From CERN Courier, Sept. 9, 2020: The first ICHEP meeting since the publication of the update of the European strategy for particle physics covered Higgs and neutrino physics, including results from the CMS collider experiment and the DUNE, NOvA and MicroBooNE neutrino experiments.

Scientists know the Higgs boson interacts with extremely massive particles. Now, they’re starting to study how it interacts with lighter particles as well.

For a week spanning the months of July and August, scientists from around the world virtually gathered to attend the prestigious biennial ICHEP conference. At ICHEP, some of the most exciting physics results of the year are unveiled. CMS scientists from Fermilab and the LHC Physics Center were well-represented at the conference.

The ATLAS and CMS experiments at CERN have announced new results that show that the Higgs boson decays into two muons. US CMS — the United States contingent of the global CMS collaboration — played a crucial role in this result, contributing to the excellent performance of CMS detector.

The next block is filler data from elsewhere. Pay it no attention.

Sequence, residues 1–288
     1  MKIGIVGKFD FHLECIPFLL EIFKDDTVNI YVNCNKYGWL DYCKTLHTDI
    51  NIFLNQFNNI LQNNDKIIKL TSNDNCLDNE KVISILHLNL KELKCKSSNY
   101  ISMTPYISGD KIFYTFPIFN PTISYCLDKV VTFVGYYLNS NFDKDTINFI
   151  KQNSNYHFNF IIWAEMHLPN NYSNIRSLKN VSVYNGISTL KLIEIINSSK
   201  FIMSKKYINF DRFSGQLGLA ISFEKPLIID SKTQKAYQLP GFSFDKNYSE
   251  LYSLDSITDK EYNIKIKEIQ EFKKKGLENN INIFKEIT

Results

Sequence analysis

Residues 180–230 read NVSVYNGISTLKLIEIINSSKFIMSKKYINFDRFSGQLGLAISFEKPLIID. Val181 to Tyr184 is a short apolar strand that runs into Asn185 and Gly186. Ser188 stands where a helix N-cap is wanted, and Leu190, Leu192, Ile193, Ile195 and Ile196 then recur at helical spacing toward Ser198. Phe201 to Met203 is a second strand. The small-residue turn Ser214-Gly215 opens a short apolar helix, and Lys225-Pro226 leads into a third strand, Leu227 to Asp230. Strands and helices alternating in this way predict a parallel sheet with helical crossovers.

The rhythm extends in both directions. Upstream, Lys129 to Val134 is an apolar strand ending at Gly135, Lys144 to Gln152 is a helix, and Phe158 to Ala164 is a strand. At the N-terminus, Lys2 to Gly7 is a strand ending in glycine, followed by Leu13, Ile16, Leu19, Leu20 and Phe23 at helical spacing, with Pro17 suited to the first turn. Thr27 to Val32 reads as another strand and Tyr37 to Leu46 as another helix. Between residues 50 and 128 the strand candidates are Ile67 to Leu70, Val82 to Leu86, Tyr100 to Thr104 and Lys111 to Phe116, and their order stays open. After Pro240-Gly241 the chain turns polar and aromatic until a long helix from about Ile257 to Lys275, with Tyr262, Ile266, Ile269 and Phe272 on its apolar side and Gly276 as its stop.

On June 19, scientists at the CMS experiment at CERN’s Large Hadron Collider published their 1,000th paper. The monumental achievement reflects an incomparable contribution to humanity’s understanding of the universe — and it’s just the beginning.

CMS has reached a momentous milestone by submitting its 1,000th paper for publication. In doing so, CMS became the first experiment in the history of HEP to reach this outstanding total of papers.

At the core of the mammoth detector assemblies and snugly surrounding the beam pipes are arrays of silicon sensors, which provide detailed patterns of interactions to micron-level precision, with subnanosecond timing and low mass. Research and development to improve the characteristics and develop better silicon detectors with the use of new technologies continue as we upgrade the existing detectors for better performance and develop designs for experiments at future generations of accelerators.